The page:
With the remarkable success of antiretroviral treatment people living with HIV in South Africa are generally living much longer than they did two decades ago. As a result, more people with HIV are also now living with non-communicable diseases (NCDs) such as diabetes and hypertension. Accordingly, the need to better integrate HIV and NCD services was a hot topic at the recent Southern African HIV Clinicians Society conference in Cape Town. Elri Voigt reports.
Newly announced results of a pivotal phase 3 trial have demonstrated the effectiveness of a new treatment for gonorrhoea. The medicine, zoliflodacin, is the first new drug developed to treat gonorrhoea in over 30 years. More than half of the 930 patients in the trial were from South Africa. Catherine Tomlinson reports.
The 11th SA AIDS conference, recently held in Durban, highlighted the worrying fact that key HIV numbers such as treatment coverage are much lower in children than in adults. But as Elri Voigt reports, conference delegates also heard about new treatments and guidelines that will make life easier for kids and the exciting potential of several new long-acting experimental treatments.
Last year Spotlight reported that pilot projects testing out a new HIV prevention injection and a vaginal ring in South Africa would start early in 2023. Yet, as delegates gathered for the SA AIDS Conference in Durban last week, those pilots hadn’t yet started. Alicestine October and Elri Voigt have the latest on the state of play with these critical projects.
South Africa’s HPV vaccination programme has by all accounts been a resounding success over the last decade, likely helping to prevent many cases of cervical cancer. But the programme has suffered major setbacks due to COVID-19-related disruptions and in addition to getting it back on track, some argue vaccine eligibility should be expanded to include boys as well as older girls and women newly infected with HIV. Amy Green takes stock of the country’s HPV vaccination efforts.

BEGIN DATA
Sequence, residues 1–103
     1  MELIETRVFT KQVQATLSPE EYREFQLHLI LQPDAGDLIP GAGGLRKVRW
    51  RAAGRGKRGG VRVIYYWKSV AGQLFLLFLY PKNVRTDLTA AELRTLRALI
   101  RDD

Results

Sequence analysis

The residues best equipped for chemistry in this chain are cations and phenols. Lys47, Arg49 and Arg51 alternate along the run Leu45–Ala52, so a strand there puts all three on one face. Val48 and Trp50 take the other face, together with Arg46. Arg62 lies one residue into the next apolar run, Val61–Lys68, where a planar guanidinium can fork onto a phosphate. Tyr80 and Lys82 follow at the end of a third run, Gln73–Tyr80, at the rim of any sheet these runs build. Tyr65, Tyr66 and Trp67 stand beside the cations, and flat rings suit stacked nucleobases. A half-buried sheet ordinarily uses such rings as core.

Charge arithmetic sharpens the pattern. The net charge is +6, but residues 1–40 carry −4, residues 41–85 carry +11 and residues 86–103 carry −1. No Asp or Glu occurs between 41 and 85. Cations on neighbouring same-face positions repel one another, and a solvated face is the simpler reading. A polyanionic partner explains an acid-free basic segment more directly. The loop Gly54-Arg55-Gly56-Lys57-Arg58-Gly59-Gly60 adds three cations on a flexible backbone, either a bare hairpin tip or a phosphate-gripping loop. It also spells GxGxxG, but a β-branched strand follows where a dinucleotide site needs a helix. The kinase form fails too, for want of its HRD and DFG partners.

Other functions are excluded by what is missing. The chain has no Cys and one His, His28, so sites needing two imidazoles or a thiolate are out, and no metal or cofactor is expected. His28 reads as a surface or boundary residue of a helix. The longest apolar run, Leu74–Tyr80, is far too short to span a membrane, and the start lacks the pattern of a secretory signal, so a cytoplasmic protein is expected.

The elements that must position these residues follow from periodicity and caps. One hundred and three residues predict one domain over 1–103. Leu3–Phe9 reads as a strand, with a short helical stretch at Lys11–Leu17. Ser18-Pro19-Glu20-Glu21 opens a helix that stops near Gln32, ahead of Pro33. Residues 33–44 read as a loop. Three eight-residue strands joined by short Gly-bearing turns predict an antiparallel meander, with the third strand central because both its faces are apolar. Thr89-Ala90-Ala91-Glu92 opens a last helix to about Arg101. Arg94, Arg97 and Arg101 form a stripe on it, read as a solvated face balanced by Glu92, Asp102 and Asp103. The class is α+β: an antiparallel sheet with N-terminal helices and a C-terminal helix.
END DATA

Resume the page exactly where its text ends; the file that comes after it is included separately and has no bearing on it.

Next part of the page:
The South African Health Products Regulatory Authority has authorised an injection containing the antiretroviral cabotegravir for use to prevent HIV infection, according to drugmaker ViiV Healthcare. Laura Lopez Gonzalez reports.
HIV prevention pills are becoming more widely available in South Africa and the country is set to soon start piloting the use of an HIV prevention injection. But merely having these tools available in clinics and other places does not mean people will use them. Thabo Molelekwa asked several experts what behaviour change communications should look like in this new era of HIV prevention.
South Africa is expected to begin piloting the HIV prevention injection early next year as one of several projects that experts hope will reveal the answers to some of the biggest questions about the future of the shot – who will deliver the injection, where, and how to sell people on the idea that just six shots a year could protect them from HIV. Laura Lopez Gonzalez reports.
As a rebellious teenager growing up in the British town of Harpenden, Professor Helen Rees would sneak out to attend anti-apartheid talks. Today, she is a renowned scientist and chair of South Africa’s medicines regulator. Biénne Huisman chatted to Rees about her career, prioritising women’s reproductive health, and her role at the South African Health Products Regulatory Authority.
South Africa is expected to begin piloting the every-other-month HIV prevention shot early next year, according to the international medicine financing initiative Unitaid. New modelling shows that the injection could prevent as many as 52 000 new HIV infections in the next two decades. But to be cost-effective in South Africa, the research argues, the price of the injection must fall to levels drugmaker ViiV Healthcare says are unrealistic. Laura Lopez Gonzalez reports.
Researchers around the world are drawing an ever-more distinct line between rising global temperatures and negative effects on maternal, foetal, and infant health. One of these researchers is Professor Matthew Chersich of the Wits Reproductive Health and HIV Research Institute. Ufrieda Ho chatted to Chersich after he delivered his inaugural lecture at the end of August.
Dr Thesla Palanee-Phillips is the Director of Clinical Trials at the Wits Reproductive Health and HIV Institute (Wits RHI) at the University of the Witwatersrand. As part of Spotlight’s Women in Health series, Elri Voigt spoke to her about what set her off into a career in science, the significance of the ASPIRE trial that she co-chaired, and juggling motherhood and her career.